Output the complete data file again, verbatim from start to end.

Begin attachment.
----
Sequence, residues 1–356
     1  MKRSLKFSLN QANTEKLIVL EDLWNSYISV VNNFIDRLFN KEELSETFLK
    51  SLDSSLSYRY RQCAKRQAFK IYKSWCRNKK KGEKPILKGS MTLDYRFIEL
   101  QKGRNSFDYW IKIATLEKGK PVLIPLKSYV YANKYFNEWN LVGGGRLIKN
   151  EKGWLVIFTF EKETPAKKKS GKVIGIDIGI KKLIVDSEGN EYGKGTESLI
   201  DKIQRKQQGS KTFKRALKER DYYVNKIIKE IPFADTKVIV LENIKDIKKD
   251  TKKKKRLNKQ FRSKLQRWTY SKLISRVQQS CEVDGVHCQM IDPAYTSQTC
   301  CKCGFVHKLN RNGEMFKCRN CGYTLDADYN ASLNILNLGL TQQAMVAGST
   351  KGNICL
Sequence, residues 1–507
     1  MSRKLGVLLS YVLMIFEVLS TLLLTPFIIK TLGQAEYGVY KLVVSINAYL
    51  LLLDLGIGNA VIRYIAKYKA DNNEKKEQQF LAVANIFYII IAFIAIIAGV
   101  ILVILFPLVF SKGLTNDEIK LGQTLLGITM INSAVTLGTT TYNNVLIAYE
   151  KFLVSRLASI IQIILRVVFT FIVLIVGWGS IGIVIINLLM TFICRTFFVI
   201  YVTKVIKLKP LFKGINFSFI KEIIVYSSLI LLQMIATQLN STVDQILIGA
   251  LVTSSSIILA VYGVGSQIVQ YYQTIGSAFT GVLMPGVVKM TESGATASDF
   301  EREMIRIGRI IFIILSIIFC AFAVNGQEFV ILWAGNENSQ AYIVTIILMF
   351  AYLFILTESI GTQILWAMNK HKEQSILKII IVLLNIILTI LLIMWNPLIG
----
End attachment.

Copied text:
Sequence, residues 1–356
     1  MKRSLKFSLN QANTEKLIVL EDLWNSYISV VNNFIDRLFN KEELSETFLK
    51  SLDSSLSYRY RQCAKRQAFK IYKSWCRNKK KGEKPILKGS MTLDYRFIEL
   101  QKGRNSFDYW IKIATLEKGK PVLIPLKSYV YANKYFNEWN LVGGGRLIKN
   151  EKGWLVIFTF EKETPAKKKS GKVIGIDIGI KKLIVDSEGN EYGKGTESLI
   201  DKIQRKQQGS KTFKRALKER DYYVNKIIKE IPFADTKVIV LENIKDIKKD
   251  TKKKKRLNKQ FRSKLQRWTY SKLISRVQQS CEVDGVHCQM IDPAYTSQTC
   301  CKCGFVHKLN RNGEMFKCRN CGYTLDADYN ASLNILNLGL TQQAMVAGST
   351  KGNICL
Sequence, residues 1–507
     1  MSRKLGVLLS YVLMIFEVLS TLLLTPFIIK TLGQAEYGVY KLVVSINAYL
    51  LLLDLGIGNA VIRYIAKYKA DNNEKKEQQF LAVANIFYII IAFIAIIAGV
   101  ILVILFPLVF SKGLTNDEIK LGQTLLGITM INSAVTLGTT TYNNVLIAYE
   151  KFLVSRLASI IQIILRVVFT FIVLIVGWGS IGIVIINLLM TFICRTFFVI
   201  YVTKVIKLKP LFKGINFSFI KEIIVYSSLI LLQMIATQLN STVDQILIGA
   251  LVTSSSIILA VYGVGSQIVQ YYQTIGSAFT GVLMPGVVKM TESGATASDF
   301  EREMIRIGRI IFIILSIIFC AFAVNGQEFV ILWAGNENSQ AYIVTIILMF
   351  AYLFILTESI GTQILWAMNK HKEQSILKII IVLLNIILTI LLIMWNPLIG